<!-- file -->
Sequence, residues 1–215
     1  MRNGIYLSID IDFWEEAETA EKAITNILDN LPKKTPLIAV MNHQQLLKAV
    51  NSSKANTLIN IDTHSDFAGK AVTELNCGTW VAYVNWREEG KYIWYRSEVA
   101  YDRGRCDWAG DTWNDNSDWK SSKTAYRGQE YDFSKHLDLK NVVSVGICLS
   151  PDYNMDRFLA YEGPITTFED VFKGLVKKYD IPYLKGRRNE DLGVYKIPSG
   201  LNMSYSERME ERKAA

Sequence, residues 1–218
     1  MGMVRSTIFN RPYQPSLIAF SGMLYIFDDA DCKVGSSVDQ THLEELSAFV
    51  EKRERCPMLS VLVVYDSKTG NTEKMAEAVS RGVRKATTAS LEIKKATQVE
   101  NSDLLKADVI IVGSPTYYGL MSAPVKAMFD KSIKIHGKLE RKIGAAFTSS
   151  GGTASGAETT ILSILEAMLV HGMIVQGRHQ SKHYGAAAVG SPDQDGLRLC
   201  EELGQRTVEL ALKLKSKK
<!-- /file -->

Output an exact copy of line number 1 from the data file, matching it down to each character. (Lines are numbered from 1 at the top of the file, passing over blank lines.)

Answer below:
Sequence, residues 1–215